I spoke at #occupylondon this morning outside St Paul's Cathedral.
I, and my family, had a great time there. It was a relaxed morning. You could not have asked for a nicer autumn morning in London and I had a great audience for what I found to be an exciting exchange of ideas that over-ran its schedule until the BBC asked me to go and do a live broadcast.
Throughout I emphasised what those campaigning can demand. I believe in practical, pragmatic, deliverable politics. And I believe there is a very great deal that those with empathic concern for the people of this country can demand. I'll come back to some of those issues soon, but I have to touch on an issue that vexed me throughout last week and now utterly perplexes me, and that is the way in which St Paul's have managed this situation.
For all those saying St Paul's was not the target of this protest I say you're quite right: it wasn't, and it isn't. The London Stock Exchange was, and rightly so. And the fact that the free right to walk the pavements of London around the Stock Exchange has been suspended is sure sign of how effective that targeting has been. For those in doubt, the camp is 200 metres or so from the LSX: it just so happens that St Paul's is even closer.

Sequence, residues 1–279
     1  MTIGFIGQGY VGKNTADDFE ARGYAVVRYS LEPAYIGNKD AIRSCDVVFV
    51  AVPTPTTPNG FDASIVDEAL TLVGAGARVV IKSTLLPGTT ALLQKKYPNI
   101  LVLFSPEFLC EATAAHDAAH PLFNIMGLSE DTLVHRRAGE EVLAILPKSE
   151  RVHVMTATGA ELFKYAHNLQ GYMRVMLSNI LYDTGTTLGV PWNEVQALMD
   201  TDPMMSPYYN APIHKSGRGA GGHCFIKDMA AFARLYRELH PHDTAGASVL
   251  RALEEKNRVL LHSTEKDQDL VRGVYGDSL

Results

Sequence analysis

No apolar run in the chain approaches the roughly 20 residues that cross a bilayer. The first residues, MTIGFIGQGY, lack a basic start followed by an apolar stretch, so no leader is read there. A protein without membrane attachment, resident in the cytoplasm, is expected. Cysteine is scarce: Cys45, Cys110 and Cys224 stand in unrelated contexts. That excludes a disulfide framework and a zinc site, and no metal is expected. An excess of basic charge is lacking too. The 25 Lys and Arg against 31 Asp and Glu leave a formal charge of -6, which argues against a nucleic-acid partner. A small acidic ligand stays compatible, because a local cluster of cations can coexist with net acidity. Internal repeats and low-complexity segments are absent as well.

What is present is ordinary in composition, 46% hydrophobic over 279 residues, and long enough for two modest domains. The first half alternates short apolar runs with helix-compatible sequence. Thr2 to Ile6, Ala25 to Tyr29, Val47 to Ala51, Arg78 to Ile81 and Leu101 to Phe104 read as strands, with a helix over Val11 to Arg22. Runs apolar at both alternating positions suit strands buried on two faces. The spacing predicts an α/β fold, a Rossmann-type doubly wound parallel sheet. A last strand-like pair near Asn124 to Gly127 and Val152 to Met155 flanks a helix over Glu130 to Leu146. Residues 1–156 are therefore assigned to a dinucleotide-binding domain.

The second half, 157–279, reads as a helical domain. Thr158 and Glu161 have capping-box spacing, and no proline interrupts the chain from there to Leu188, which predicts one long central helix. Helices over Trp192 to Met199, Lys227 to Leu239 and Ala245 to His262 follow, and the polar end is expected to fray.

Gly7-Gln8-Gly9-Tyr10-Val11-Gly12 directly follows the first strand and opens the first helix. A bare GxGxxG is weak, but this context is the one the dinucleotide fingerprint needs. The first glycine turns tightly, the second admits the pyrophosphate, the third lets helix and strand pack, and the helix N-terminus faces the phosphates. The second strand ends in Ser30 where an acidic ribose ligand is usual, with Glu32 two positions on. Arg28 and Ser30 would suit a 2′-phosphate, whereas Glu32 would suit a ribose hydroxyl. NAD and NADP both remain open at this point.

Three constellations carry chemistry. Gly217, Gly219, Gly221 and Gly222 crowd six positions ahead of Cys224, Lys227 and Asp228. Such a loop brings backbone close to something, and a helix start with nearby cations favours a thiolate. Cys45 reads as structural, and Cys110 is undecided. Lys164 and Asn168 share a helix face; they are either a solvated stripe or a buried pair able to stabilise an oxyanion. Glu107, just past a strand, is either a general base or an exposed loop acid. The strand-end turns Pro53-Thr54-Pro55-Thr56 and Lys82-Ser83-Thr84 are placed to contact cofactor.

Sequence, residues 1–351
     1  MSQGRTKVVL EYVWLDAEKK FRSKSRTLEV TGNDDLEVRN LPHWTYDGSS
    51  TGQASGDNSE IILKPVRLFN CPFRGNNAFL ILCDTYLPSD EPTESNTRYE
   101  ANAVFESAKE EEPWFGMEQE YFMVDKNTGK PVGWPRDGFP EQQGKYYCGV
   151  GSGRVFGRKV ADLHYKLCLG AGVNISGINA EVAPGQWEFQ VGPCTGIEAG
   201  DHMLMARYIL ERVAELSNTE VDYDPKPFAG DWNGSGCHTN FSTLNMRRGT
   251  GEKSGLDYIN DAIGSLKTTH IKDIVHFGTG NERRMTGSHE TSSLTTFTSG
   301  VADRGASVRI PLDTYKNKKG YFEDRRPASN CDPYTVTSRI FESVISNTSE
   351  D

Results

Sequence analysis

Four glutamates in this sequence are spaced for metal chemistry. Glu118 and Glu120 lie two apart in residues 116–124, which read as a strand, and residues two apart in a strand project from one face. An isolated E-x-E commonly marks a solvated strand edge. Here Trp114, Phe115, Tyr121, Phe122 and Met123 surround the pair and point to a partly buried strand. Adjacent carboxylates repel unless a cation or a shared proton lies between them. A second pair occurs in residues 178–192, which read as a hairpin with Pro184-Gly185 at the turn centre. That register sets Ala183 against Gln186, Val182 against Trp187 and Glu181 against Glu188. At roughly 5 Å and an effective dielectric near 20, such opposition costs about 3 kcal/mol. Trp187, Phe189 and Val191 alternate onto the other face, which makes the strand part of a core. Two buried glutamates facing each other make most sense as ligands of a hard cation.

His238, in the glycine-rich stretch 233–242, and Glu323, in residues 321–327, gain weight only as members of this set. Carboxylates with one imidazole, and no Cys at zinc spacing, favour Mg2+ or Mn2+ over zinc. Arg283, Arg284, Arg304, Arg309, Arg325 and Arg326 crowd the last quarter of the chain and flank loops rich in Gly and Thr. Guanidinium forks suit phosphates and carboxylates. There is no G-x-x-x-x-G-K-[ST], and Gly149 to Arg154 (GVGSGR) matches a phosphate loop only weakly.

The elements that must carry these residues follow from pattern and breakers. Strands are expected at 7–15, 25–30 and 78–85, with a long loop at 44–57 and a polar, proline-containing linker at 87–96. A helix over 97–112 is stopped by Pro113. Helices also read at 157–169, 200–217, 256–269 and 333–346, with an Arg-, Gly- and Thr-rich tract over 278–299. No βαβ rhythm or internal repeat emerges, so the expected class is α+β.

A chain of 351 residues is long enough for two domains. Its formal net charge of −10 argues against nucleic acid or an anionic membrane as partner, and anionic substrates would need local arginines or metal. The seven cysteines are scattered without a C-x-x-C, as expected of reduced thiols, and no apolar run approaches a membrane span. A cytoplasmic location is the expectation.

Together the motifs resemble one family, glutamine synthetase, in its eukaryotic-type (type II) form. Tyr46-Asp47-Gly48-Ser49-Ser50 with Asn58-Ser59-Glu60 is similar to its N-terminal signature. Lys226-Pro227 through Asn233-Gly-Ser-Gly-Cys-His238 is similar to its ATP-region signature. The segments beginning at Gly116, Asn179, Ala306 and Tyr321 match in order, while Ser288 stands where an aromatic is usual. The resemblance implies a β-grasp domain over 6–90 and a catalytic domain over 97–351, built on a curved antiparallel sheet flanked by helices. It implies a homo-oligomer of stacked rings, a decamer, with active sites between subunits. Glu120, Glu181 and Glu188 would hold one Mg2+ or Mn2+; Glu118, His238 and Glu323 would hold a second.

But, once camp was made where it is and not as planned 100 metres away in Paternoster Square St Paul's came into the frame. I've said, and I'll repeat it: St Paul's had only one duty in this situation and that was to welcome the protest and to open its doors as a place of sanctuary to all those undertaking it. The Christian teaching is explicit: if the church is to fulfill its duty to the poor then that is what if must do.
But of course, after one rather ambiguous moment on the first day of the protest when Giles Fraser appeared to tell the police to back off the Cathedral has made a PR disaster out of the situation it has created for itself.
Today was perfect example of this. The Cathedral is supposedly closed because of the health and safety concerns they have that supposedly have left them with no choice but close the cathedral on legal grounds.
Well, let's be clear, the entrances and exits to the Cathedral were wide and clear this morning. Thousands could have gone in, and out, without problem.